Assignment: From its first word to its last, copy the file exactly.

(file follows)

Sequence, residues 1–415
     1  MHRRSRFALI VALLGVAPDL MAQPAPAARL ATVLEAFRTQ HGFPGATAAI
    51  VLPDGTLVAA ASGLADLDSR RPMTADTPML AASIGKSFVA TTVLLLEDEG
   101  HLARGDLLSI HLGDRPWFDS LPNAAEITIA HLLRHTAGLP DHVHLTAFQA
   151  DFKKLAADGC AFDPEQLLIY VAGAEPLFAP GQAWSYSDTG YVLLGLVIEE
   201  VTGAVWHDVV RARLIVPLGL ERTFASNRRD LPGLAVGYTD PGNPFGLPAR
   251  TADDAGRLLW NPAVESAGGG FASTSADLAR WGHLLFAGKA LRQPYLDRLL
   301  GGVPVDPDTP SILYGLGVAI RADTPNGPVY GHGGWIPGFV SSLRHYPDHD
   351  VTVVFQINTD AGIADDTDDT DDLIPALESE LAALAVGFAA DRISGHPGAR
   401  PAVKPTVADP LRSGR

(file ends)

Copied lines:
Sequence, residues 1–415
     1  MHRRSRFALI VALLGVAPDL MAQPAPAARL ATVLEAFRTQ HGFPGATAAI
    51  VLPDGTLVAA ASGLADLDSR RPMTADTPML AASIGKSFVA TTVLLLEDEG
   101  HLARGDLLSI HLGDRPWFDS LPNAAEITIA HLLRHTAGLP DHVHLTAFQA
   151  DFKKLAADGC AFDPEQLLIY VAGAEPLFAP GQAWSYSDTG YVLLGLVIEE
   201  VTGAVWHDVV RARLIVPLGL ERTFASNRRD LPGLAVGYTD PGNPFGLPAR
   251  TADDAGRLLW NPAVESAGGG FASTSADLAR WGHLLFAGKA LRQPYLDRLL
   301  GGVPVDPDTP SILYGLGVAI RADTPNGPVY GHGGWIPGFV SSLRHYPDHD
   351  VTVVFQINTD AGIADDTDDT DDLIPALESE LAALAVGFAA DRISGHPGAR
   401  PAVKPTVADP LRSGR